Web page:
Oakland A's: Five Things to Look for in Upcoming Series vs. Chicago White Sox
The White Sox recently returned from an eight-game road trip that included a three-game appearance out in Oakland last week. The A’s swept that series, shutting out the White Sox in two of those games.
Chicago will be looking for some redemption against the Athletics. They hope to turn around their season with this four-game set at home, where the they currently own a 13-11 record.
The Sox sit in fourth place in the Central Division, six games back of Detroit; while the A’s march into town having won 16 of their past 19 games, and are just one and a half games behind the first-place Texas Rangers in the West.
Forgive the White Sox if they appear a little sleepy-eyed in Thursday’s opener, however, as they are returning home from Seattle where they played a 16-inning marathon on Wednesday.Chicago used eight pitchers in a 7-5 victory, ending it's eight-game losing streak.
Will the team be jet-lagged and fatigued?
Look for the Athletics to try to take advantage of Chicago’s weariness and run their series unbeaten streak to eight (the A’s are 6-0-1 in their past seven series.)
Here are five things to look for in Oakland’s four-game series against the White Sox.
Taxed ChiSox Bullpen
As previously mentioned, the arms of Chicago's pitching staff—particularly the team’s relievers—may be a bit tired.
During the three-game series against the Seattle Mariners, the Chicago bullpen pitched 18.1 innings, while throwing a combined 280 pitches. Brian Omogrosso appeared in all three games, Nate Jones, Hector Santiago, Matt Lindstrom and Matt Thornton pitched in two of them and Jesse Crain and Addison Reed in one game each.
To say that the White Sox relief corps is taxed might be an understatement.
Chicago obviously will need some quality starts from their starting pitchers to alleviate some of the bullpen’s workload; this is especially important during a four-game series.
Fortunately for the White Sox, their relievers have only thrown a combined 173.2 innings on the season—10th-most in the American League.
If the Athletics can knock Chicago’s starters out early, they should wear the White Sox bullpen down even more. The White Sox bullpen sports a 7-11 record, tied for second-most losses in the league. And given that Chicago’s nine extra-inning ballgames this season are the most in the league, it’s in Oakland’s favor to extend the game as long as possible.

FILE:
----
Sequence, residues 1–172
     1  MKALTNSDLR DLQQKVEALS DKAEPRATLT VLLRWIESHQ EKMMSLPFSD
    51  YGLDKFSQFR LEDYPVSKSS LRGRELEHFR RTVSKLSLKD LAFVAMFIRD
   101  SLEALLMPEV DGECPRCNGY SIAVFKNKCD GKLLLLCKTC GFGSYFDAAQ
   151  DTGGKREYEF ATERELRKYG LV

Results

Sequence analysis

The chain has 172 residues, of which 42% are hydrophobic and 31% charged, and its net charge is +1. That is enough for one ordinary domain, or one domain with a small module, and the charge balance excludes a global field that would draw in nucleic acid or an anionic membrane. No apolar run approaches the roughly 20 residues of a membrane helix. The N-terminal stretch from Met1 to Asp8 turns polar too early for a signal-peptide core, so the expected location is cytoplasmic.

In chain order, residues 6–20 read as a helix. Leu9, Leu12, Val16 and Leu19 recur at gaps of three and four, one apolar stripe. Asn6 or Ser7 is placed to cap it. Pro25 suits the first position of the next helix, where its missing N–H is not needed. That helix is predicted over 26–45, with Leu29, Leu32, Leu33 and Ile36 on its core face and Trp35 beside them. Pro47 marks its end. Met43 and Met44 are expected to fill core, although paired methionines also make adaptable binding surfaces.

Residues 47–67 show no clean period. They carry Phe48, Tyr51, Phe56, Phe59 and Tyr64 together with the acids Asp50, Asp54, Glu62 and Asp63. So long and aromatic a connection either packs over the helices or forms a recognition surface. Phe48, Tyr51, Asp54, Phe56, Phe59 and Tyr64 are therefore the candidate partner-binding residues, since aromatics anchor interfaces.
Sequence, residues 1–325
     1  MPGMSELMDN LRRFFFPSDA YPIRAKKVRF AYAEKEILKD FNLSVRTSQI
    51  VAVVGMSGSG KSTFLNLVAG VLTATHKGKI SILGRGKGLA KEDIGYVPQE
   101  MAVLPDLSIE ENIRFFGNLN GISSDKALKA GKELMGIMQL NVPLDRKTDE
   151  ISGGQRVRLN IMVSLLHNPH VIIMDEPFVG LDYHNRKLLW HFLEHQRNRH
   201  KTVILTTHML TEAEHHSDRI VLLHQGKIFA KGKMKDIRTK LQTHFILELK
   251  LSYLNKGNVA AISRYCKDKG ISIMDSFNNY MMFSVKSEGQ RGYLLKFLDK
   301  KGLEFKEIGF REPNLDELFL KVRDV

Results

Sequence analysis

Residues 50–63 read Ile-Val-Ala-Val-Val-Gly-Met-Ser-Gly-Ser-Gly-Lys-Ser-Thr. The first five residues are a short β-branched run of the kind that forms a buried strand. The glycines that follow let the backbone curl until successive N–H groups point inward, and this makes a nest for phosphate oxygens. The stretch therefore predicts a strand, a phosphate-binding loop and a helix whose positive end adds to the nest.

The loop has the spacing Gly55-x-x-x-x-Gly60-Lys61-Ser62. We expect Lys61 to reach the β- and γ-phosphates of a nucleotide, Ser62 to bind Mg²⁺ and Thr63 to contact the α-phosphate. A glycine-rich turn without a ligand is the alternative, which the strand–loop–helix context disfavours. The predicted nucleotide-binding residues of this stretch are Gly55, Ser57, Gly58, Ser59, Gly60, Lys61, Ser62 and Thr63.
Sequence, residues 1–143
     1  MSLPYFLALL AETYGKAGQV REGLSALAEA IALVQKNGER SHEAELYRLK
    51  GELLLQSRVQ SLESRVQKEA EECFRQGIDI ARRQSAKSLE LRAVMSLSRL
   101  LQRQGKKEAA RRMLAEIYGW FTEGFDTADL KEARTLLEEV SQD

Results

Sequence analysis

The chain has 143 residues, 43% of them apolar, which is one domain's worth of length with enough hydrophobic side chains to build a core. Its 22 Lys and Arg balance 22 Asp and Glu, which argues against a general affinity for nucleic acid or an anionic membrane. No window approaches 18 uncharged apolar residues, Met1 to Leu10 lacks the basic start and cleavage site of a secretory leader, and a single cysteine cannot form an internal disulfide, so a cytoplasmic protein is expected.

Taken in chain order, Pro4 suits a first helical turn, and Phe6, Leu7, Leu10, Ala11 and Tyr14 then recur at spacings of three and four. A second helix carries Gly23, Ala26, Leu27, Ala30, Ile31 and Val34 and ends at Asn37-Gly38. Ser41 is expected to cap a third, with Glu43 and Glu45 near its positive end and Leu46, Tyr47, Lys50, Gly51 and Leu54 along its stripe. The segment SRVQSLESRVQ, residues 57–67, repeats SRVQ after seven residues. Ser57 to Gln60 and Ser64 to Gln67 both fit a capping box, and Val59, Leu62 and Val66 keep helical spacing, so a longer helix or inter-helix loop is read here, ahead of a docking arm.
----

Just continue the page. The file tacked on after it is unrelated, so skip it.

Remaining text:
The A’s game plan in this series must be to get to Chicago’s bullpen early and often.
If they succeed, the White Sox will be too tired to put up a formidable fight.
Chicago’s Lefties vs. Oakland’s Right-Handed Hitters
The starting pitchers for Chicago, who will shoulder the brunt of the responsibility for going deep into ball games, will, amazingly, all be southpaws.
If the rotation plays out as it's currently set, the White Sox will pitch Jose Quintana, Chris Sale, John Danks and Hector Santiago.
Santiago replaces Jake Peavy in the team’s starting rotation. Incredibly, Santiago made two relief appearances during the last series against the Mariners. But with Peavy shelved for a few weeks with a rib injury, Santiago gets the nod.
Chicago’s lefty foursome poses an interesting matchup for the A’s, who notoriously feature platoons at nearly half of their positions.
This means that right-handed hitters Nate Freiman, Derek Norris, Adam Rosales and Chris Young will see plenty of at-bats during the series. It will be a good opportunity for the players to get some consistent playing time, and hopefully a chance for Young, in particular, to produce. Sadly, Young’s performance against lefties this season has resulted in a .143 batting average, with one home run and 13 strikeouts in 49 at-bats.
The Athletics are batting .264 against left-handed pitchers as a team this season.
The righty hitters Freiman (.340 batting average vs. lefties), Rosales (.294) and Norris (.266) will assumedly (hopefully) do wonders during this series against Chicago.
The A’s took down both Sale and Santiago during the two teams’ previous series in Oakland—but not because of tremendous offensive production.